Global climate change is not only threatening the habitats of salmon and polar bears, but that of humans in a large portion of the US. The water from the Colorado River feeds both the population and the agriculture of Colorado, Utah, Arizona, Nevada, and parts of New Mexico, Wyoming and California (as well as a bit of Mexico).
The usage of the water was codified about a century ago during a “wet” period, and like in the show, The Producers", more than the whole was accounted for. That brings us to today, when all parties are clamoring for their “fair shares” and there is simply not enough to go around.
It was just a year ago that the Department of Interior declared the first shortage on the Colorado River – a Tier 1. But the past 12 months did not bring enough rain and snow. A report from July shows Lake Mead, which the agency uses to determine shortage conditions, is hovering around 1,040 feet above sea level, after having dropped 10 feet in just two, dry months.
The reservoir is at just 27% of its full capacity.
Tuesday’s report is all but certain to show Lake Mead will be below 1,050 feet come January – the threshold required to declare a Tier 2 shortage beginning in 2023. The question is how far below that threshold it will be. If the forecast is below 1,045 feet, which recent forecasts would suggest it will be, then mandatory water cuts will expand beyond Arizona, Nevada and Mexico and into California for the first time.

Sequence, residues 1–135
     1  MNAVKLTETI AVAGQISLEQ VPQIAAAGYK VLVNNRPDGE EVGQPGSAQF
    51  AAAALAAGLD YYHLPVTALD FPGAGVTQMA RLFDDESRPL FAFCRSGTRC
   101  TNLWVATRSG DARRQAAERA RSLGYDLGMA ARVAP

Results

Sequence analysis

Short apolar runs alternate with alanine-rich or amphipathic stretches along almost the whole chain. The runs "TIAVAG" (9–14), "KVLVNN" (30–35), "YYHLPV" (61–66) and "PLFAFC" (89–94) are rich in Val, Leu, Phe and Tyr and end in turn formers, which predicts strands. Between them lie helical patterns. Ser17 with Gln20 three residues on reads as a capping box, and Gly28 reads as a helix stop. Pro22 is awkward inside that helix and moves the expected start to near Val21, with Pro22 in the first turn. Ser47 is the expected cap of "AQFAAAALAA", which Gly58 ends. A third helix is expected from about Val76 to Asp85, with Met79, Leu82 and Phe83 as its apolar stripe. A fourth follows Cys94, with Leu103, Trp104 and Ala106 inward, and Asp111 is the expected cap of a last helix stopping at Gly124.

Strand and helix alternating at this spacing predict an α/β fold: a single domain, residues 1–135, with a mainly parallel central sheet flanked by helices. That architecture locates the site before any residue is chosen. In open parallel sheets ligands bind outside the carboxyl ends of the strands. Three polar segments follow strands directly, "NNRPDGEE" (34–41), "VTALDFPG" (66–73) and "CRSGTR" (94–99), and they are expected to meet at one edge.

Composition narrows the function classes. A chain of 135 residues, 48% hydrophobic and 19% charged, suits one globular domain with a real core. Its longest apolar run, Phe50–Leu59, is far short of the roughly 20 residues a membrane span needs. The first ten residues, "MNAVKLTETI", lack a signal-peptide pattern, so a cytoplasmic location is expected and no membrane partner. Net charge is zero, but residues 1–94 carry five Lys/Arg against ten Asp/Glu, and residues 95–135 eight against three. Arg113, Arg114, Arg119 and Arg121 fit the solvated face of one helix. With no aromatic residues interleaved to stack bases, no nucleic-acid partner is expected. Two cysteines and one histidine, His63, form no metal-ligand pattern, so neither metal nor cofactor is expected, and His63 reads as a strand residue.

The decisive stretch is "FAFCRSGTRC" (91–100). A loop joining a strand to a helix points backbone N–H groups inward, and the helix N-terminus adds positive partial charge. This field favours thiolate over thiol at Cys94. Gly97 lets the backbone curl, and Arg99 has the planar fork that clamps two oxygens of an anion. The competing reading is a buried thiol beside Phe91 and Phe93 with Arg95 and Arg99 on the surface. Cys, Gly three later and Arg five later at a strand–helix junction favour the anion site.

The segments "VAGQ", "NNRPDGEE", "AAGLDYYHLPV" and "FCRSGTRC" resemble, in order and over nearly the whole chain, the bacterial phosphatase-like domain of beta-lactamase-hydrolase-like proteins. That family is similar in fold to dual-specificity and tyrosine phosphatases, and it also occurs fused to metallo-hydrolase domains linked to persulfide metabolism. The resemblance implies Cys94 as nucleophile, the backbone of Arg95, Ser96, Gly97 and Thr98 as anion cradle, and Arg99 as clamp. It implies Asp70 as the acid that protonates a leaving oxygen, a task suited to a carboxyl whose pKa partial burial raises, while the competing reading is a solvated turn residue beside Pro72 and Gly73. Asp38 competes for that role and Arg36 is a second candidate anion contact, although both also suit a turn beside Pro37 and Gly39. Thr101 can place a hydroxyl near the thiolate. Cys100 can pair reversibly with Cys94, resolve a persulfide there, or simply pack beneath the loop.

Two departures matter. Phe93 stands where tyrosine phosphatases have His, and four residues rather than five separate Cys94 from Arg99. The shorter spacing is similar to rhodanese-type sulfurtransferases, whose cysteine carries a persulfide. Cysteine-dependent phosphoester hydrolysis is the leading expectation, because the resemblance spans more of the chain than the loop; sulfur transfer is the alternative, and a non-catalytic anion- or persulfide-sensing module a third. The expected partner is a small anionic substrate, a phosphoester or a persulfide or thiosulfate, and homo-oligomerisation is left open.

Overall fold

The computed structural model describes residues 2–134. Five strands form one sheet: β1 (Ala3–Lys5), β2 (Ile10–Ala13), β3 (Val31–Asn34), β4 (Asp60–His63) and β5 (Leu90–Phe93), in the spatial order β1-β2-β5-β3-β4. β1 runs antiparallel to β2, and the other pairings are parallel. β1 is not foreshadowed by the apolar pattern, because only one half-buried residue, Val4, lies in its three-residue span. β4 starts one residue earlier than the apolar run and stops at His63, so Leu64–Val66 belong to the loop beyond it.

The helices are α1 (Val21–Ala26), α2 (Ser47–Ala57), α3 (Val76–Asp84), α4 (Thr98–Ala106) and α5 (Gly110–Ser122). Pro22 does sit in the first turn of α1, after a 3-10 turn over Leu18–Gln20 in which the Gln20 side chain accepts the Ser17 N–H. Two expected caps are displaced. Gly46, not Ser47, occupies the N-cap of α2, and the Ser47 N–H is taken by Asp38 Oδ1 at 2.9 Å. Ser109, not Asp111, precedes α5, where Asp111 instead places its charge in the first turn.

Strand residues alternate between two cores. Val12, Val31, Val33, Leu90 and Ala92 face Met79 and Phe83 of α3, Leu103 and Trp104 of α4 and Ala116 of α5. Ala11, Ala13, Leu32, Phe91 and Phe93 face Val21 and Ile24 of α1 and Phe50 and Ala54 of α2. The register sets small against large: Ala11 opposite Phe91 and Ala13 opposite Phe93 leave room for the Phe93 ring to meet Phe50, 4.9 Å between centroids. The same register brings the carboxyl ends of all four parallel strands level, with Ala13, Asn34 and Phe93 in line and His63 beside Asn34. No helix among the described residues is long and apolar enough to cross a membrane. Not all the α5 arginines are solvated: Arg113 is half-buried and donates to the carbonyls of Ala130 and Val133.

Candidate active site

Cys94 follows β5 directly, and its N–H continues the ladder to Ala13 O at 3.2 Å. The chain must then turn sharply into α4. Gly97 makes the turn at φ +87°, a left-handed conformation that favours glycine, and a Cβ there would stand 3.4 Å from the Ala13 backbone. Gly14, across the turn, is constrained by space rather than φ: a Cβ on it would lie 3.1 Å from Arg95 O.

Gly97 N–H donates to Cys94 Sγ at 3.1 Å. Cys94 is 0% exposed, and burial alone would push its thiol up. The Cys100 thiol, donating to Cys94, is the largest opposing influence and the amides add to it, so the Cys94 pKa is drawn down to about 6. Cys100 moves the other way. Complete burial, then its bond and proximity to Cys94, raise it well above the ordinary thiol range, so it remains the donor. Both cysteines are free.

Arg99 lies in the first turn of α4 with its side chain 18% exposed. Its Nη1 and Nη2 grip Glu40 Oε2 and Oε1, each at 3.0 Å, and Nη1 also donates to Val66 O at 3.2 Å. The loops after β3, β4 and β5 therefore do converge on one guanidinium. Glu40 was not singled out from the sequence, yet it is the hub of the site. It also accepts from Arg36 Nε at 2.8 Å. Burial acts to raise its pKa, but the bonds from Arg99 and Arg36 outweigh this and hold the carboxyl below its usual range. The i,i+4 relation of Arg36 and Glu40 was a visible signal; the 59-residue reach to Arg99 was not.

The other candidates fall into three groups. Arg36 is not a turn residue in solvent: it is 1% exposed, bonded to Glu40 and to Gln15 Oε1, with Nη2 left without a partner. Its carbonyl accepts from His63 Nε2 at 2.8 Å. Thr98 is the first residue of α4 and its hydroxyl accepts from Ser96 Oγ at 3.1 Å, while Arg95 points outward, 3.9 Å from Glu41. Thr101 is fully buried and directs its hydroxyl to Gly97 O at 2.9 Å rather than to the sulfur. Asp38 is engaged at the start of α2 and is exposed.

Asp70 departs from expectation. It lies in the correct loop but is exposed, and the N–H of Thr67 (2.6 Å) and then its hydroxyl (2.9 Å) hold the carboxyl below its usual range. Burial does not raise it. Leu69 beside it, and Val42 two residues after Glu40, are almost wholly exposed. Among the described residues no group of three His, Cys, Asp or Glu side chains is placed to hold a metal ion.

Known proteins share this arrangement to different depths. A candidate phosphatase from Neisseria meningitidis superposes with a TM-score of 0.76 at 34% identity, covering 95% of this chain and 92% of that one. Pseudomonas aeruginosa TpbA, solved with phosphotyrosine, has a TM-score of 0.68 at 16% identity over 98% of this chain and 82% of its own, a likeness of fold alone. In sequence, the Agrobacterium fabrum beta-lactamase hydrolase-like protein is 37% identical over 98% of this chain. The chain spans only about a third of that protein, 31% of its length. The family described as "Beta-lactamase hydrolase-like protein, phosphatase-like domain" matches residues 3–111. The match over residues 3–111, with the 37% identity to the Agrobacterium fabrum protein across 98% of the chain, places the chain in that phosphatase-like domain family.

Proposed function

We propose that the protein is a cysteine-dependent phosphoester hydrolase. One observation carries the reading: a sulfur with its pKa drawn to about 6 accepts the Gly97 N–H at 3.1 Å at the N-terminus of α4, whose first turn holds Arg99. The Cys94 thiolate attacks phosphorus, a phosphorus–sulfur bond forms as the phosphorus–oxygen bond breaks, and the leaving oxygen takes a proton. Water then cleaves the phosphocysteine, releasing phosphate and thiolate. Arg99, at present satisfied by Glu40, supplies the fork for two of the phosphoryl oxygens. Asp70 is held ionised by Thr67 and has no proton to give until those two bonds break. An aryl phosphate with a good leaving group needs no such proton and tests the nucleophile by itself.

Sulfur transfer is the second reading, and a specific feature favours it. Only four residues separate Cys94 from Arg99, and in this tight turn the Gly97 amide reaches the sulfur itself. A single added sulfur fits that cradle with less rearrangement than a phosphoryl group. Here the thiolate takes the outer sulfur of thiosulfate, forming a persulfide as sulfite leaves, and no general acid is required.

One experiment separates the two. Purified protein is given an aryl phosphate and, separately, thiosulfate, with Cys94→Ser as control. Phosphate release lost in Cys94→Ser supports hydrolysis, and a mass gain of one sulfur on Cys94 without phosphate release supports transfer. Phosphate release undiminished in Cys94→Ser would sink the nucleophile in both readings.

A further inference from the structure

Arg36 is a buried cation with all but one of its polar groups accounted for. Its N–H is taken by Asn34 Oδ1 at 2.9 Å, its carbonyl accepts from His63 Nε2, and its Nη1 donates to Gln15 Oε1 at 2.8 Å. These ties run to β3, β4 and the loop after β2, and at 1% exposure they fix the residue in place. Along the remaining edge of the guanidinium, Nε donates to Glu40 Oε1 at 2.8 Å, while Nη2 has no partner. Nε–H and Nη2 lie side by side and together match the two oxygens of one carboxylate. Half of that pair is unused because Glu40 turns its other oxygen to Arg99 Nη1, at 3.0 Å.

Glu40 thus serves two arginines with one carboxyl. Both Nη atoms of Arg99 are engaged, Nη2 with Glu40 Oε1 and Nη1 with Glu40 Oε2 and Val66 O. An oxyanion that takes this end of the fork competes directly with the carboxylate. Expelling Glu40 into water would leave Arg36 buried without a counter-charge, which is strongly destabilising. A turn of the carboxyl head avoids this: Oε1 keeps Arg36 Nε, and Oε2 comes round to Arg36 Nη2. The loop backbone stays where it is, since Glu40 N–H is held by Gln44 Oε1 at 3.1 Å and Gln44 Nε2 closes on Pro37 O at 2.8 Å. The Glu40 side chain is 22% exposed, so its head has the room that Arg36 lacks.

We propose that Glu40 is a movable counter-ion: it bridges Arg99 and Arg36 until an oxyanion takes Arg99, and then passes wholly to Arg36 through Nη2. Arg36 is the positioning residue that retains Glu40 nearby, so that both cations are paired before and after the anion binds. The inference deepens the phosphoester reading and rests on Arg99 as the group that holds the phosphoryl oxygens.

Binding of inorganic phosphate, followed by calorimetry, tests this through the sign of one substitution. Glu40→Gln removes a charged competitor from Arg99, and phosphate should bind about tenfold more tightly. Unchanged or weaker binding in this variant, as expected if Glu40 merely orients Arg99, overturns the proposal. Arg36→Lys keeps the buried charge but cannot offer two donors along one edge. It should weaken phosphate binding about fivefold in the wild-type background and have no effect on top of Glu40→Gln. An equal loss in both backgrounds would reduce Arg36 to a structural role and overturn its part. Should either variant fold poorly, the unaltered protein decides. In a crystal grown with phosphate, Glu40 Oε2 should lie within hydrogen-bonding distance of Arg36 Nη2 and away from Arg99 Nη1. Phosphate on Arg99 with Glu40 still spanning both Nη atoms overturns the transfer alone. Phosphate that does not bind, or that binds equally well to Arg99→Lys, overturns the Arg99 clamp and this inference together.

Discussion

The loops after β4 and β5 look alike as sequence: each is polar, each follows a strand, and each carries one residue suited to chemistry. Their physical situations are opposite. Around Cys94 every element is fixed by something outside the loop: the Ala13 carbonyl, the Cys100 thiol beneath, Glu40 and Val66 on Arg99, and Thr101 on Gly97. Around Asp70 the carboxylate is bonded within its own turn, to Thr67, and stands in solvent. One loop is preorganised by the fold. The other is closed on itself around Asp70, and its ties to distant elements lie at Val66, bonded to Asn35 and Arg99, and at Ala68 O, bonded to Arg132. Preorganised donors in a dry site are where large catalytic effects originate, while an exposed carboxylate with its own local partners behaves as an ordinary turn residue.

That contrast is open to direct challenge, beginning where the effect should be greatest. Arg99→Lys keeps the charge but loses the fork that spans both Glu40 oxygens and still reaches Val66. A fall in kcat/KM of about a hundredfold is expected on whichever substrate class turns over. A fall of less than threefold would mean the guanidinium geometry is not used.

But the growing concern is that the mandatory cuts – a system that was updated as recently as 2019 – aren’t enough to save the river in the face of a historic, climate change-driven drought. States, water managers and tribes are now back at the negotiating table to figure out how to solve the West’s water crisis.
Can’t get blood - or water - from a stone